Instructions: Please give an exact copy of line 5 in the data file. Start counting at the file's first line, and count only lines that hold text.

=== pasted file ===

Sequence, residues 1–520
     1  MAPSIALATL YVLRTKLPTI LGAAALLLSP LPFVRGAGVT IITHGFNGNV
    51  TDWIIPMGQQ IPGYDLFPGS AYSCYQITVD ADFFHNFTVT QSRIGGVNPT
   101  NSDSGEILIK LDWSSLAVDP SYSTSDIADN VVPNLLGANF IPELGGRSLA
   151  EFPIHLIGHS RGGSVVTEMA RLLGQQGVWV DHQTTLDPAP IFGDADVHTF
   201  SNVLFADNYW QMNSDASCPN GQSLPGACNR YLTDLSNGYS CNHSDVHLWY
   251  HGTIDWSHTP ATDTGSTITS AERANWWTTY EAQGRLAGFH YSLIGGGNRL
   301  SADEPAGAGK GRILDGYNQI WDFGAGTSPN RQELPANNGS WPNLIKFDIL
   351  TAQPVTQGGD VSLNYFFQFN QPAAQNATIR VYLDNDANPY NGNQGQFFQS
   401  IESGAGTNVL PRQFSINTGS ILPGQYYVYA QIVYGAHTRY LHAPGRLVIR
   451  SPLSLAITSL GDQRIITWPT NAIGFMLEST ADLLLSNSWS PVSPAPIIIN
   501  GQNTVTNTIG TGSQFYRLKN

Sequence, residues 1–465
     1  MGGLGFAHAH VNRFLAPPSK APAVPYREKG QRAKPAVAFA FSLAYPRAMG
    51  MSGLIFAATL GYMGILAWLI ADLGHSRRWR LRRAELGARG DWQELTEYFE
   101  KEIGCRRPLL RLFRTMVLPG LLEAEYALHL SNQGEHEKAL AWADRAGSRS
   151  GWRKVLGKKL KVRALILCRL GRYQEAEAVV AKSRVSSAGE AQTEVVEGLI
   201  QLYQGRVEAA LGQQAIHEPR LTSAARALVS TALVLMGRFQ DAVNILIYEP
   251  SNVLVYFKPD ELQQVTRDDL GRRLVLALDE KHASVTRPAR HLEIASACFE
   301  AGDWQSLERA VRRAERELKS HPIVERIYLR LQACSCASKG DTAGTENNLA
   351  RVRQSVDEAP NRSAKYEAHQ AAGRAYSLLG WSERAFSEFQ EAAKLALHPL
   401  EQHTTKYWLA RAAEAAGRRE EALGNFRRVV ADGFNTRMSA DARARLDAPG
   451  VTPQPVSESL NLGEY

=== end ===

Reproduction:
   151  EFPIHLIGHS RGGSVVTEMA RLLGQQGVWV DHQTTLDPAP IFGDADVHTF